I moved out of my parents’ home when I was 25 into The Ex’s home that was technically owned by his mother. From what I understood, she lived upstairs and he lived downstairs. He had owned the house at one time before tragic circumstances occurred. His mom bought the house from The Ex afterwards and then spent the proceeds of the sale on material things and trips. That should have been a huge red flag but hindsight is 20/20. Everyone has a story and this is mine.
When things went to shit after his mental breakdown, I found myself packing my stuff into my tiny hatchback and driving 1.5 hours home; home to my parents where I was always welcome with loving arms. Although I knew my parents disapproved of my relationship, they let me live my life. When things went to shit, they were there to pick up the pieces. They were my parents after all. It’s not like I was expecting them to fix me but it was an unspoken pact that we had.
The thing with Asian families is that we don’t show our emotions. I don’t hug my parents regularly (only on their birthdays) and we never say I love you. All of this is implied, just like the fact that I was welcomed back after leaving The Ex. There was no judgment; only love.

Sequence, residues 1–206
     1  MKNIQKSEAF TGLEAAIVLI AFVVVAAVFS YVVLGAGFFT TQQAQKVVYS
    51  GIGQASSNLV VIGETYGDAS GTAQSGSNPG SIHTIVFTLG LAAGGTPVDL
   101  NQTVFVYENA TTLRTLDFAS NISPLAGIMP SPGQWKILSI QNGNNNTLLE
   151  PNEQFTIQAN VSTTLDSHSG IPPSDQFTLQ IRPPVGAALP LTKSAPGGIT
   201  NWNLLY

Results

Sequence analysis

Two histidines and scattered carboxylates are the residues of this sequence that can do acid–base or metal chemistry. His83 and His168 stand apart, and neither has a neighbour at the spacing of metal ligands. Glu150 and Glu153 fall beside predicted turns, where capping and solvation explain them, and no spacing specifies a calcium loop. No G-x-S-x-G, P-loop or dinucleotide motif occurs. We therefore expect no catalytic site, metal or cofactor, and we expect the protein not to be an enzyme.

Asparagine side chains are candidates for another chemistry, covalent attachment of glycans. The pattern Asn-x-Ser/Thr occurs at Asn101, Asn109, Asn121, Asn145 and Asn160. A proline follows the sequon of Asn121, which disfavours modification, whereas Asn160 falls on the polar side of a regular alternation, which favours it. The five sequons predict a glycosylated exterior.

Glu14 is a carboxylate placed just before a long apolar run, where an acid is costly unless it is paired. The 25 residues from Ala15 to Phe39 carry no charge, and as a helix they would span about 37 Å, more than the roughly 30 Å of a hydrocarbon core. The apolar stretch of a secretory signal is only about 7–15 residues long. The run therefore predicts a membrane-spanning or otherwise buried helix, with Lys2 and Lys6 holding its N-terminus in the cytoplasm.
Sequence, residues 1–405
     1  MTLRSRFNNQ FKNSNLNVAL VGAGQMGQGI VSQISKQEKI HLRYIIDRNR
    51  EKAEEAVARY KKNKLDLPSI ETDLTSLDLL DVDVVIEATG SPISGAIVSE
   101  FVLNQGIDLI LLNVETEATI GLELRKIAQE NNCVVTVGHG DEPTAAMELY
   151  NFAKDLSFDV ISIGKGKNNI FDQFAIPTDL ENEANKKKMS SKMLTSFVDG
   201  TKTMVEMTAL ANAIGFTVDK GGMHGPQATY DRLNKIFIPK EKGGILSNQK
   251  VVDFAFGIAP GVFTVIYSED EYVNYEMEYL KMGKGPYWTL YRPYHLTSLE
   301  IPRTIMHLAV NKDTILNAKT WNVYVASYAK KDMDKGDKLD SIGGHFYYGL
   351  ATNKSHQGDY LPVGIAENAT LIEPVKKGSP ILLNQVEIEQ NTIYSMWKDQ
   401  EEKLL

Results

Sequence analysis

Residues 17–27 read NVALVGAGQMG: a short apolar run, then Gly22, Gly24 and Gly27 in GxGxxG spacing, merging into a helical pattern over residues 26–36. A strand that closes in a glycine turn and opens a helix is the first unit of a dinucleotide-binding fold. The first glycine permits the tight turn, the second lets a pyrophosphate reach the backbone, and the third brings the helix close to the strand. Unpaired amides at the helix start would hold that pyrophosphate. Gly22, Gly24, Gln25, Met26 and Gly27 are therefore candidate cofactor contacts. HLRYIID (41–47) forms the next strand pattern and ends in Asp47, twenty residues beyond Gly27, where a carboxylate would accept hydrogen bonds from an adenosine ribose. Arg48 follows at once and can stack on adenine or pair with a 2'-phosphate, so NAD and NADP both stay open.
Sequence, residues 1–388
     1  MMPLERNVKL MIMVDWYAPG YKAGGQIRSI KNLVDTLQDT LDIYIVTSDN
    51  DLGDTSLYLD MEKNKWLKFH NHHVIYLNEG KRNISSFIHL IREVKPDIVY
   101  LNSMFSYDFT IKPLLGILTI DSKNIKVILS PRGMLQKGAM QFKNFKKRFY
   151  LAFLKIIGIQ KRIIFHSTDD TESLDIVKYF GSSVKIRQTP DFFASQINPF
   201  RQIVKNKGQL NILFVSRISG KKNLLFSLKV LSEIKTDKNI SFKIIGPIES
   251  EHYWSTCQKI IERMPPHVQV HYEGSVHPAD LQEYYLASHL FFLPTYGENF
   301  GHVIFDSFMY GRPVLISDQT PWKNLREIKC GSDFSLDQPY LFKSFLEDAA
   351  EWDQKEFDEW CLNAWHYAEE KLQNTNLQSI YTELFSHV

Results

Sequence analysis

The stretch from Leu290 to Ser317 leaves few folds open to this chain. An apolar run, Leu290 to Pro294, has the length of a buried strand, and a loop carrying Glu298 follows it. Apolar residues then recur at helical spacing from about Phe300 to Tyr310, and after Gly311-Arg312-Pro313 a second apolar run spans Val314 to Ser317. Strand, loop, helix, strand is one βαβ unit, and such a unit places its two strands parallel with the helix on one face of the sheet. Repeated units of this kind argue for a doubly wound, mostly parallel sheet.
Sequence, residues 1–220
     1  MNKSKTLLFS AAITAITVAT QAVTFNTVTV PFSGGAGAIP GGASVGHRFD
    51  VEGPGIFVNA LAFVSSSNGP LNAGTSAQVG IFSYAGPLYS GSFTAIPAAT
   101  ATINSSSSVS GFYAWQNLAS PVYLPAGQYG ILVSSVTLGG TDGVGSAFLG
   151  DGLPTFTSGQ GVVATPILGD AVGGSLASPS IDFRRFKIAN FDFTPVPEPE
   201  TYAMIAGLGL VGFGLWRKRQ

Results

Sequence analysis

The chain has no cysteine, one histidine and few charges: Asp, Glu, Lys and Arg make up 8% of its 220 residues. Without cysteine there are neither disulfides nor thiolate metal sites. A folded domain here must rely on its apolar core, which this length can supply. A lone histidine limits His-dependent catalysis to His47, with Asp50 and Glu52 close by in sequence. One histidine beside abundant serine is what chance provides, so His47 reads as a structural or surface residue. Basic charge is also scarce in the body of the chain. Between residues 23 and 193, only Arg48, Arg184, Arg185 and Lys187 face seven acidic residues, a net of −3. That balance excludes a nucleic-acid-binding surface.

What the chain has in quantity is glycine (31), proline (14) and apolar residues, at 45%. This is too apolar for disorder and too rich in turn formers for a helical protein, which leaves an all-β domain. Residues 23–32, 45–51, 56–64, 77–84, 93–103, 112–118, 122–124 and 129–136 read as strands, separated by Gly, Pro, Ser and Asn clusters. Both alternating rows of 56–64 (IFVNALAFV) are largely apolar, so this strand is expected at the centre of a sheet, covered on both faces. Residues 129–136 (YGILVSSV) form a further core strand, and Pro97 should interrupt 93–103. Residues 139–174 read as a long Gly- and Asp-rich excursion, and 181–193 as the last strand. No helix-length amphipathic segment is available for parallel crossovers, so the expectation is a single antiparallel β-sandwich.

The Ex was jealous of this fact. He told me he had told his friends that I had run home to mommy and daddy. Yes, I did. So what? I was a grown ass woman who had been emotionally abused and manipulated. I was raised in a loving home. What else were my parents and I supposed to do? He threw it in my face so many times but I had failed to remember that his own mother had bailed him out of the mortgage he’d be saddled with after his wife was murdered. He refused to hold a full-time job since the tragedy so it’s a good thing his mother saved his house. Why was he taking out his frustrations on me?
I lived in my old room, sleeping on a foam mattress on the floor for about four months before I moved back into my condo that I owned. My tenants had moved out. I lived in my condo for about 3 months before a devastating fire forced me to move back into my parents’ home… again. And there was The Ex yammering away about me running home to mommy and daddy. Let me put it in perspective for you. I live two minutes by car from my parents. I had my dog and my purse when I walked out of the fire. Where else was I supposed to go if not my parents’? I walked to my parents’ home and I’m grateful for that. I put all the insurance cheques from the fire towards my debt. It helped put a dent in my debt.
Do I regret moving back to my parents’ home? No, I don’t. My parents don’t either. They loved having me home just like the old times. I even snuck home a couple times after some late nights out. Haha! I feel no shame in doing moving home and I’m so grateful that my parents welcomed me back.